The ABC program 20/20 on Friday, December 1, 2006, dealt with the propensity of full-grown people to obey. I realize many segments on such shows are tabloid journalism and one needs to allow for this, even though, as in this case, the trustworthy John Stossel was involved. Briefly, the segment dealt with a criminal who phoned fast-food restaurant managers posing as a policeman, who then commanded these managers to sexually and otherwise abuse a teenage female employee. These managers, thinking he was a policeman, did exactly as they were told, and so did the young employee. Now, this episode was very hard to assimilate, and I am not sure I believe it, but, if true, these were all adults (or young adults) who should have used their God-given ability to think independently and apply their understanding of the difference between right and wrong. They were more obedient than I ever was, so I must hold them all responsible (except possibly the victim that segment concentrated on, since by the time she realized what was happening it was too late).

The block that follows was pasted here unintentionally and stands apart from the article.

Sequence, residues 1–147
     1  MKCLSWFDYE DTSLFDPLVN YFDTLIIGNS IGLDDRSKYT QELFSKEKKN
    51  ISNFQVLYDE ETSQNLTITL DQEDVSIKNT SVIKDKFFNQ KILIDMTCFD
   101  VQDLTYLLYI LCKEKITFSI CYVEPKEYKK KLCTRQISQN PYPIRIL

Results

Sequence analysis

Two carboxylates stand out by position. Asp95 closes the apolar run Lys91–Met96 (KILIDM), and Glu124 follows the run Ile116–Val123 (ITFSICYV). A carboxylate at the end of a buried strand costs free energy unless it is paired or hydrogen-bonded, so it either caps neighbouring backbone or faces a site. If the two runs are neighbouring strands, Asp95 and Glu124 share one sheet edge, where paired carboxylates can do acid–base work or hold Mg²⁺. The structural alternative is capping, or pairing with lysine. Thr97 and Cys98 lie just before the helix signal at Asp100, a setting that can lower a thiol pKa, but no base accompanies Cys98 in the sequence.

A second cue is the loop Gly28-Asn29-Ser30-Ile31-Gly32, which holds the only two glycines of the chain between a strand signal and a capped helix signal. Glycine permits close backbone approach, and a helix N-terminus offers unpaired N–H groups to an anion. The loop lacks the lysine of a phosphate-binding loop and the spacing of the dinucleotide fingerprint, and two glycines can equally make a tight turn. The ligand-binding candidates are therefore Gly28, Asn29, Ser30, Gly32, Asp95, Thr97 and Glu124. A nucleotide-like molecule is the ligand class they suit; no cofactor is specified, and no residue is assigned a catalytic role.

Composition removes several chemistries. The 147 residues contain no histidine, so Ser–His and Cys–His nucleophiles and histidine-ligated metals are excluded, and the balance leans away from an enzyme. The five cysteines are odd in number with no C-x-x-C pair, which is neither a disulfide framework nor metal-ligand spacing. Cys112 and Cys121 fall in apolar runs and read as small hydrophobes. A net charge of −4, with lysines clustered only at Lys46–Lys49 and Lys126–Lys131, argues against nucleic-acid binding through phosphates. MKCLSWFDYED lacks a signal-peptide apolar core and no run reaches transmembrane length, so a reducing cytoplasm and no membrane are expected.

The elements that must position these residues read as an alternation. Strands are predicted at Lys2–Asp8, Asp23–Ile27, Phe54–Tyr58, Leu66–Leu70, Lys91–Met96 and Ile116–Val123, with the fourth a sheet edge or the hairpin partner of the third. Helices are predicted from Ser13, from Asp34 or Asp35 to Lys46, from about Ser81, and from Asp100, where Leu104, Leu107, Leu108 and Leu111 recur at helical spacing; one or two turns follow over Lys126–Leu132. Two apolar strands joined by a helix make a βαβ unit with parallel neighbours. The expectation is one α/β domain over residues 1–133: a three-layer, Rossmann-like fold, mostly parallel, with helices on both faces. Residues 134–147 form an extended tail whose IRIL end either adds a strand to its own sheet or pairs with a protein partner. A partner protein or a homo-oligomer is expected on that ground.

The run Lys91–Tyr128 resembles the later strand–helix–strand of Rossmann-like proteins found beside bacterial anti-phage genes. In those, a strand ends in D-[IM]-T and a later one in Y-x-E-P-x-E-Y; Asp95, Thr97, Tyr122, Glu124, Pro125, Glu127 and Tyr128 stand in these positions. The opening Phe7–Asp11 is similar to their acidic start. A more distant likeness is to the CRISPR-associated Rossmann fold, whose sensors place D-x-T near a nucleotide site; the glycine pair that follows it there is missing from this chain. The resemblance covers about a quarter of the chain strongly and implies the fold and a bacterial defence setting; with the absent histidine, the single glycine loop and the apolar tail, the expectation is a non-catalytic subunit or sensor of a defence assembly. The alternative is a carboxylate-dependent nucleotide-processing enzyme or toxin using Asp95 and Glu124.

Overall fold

Contemporary America is very obedient and respectful of human "authority," and the White House is taking full advantage of this in its efforts to destroy what little is left of the country our Founders worked to create, and in some cases went to jail and died for.

Related to the obedience issue, there is also the party loyalty issue. Regardless of anything, Kuo makes it plain, politics come first. Any politician who does not walk in step with his or her party affiliation is reprimanded. It does not matter why. Bush's faith-based subsidy program is basically liberal, but Democrats had to oppose it. Rep. Danny Davis (D-Ill.) (11) was a case in point. It was because neither major party wanted to lose voters to the other, and the whole scene is comical considering how alike the two major parties really are.

Despite this, Kuo (at the time) believed Bush was above all this, a man of genuine faith who spent substantial time in prayer.